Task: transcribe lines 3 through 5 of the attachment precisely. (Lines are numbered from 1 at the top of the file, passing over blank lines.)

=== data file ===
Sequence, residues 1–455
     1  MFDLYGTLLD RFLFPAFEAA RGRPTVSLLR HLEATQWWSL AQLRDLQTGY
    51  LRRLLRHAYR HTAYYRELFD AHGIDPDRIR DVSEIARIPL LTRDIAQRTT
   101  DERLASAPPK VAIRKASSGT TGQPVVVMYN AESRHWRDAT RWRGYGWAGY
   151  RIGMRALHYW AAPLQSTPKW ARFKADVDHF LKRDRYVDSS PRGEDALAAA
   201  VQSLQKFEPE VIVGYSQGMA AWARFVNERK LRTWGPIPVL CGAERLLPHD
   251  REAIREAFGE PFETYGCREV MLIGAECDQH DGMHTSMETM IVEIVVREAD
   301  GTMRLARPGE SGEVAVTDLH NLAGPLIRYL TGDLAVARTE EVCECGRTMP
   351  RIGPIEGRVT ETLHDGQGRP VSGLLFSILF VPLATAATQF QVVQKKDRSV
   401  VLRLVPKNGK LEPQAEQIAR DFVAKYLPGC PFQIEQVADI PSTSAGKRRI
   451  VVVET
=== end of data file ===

    51  LRRLLRHAYR HTAYYRELFD AHGIDPDRIR DVSEIARIPL LTRDIAQRTT
   101  DERLASAPPK VAIRKASSGT TGQPVVVMYN AESRHWRDAT RWRGYGWAGY
   151  RIGMRALHYW AAPLQSTPKW ARFKADVDHF LKRDRYVDSS PRGEDALAAA